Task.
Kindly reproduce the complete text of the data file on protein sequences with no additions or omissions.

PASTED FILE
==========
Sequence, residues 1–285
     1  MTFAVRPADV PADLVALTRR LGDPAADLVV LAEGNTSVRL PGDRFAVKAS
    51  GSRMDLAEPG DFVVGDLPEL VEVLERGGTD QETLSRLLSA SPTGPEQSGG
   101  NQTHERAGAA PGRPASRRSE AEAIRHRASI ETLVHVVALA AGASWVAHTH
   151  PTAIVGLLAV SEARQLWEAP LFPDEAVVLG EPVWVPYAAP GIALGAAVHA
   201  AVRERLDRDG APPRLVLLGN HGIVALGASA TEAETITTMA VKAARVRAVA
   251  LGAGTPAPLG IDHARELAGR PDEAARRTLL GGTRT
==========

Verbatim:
Sequence, residues 1–285
     1  MTFAVRPADV PADLVALTRR LGDPAADLVV LAEGNTSVRL PGDRFAVKAS
    51  GSRMDLAEPG DFVVGDLPEL VEVLERGGTD QETLSRLLSA SPTGPEQSGG
   101  NQTHERAGAA PGRPASRRSE AEAIRHRASI ETLVHVVALA AGASWVAHTH
   151  PTAIVGLLAV SEARQLWEAP LFPDEAVVLG EPVWVPYAAP GIALGAAVHA
   201  AVRERLDRDG APPRLVLLGN HGIVALGASA TEAETITTMA VKAARVRAVA
   251  LGAGTPAPLG IDHARELAGR PDEAARRTLL GGTRT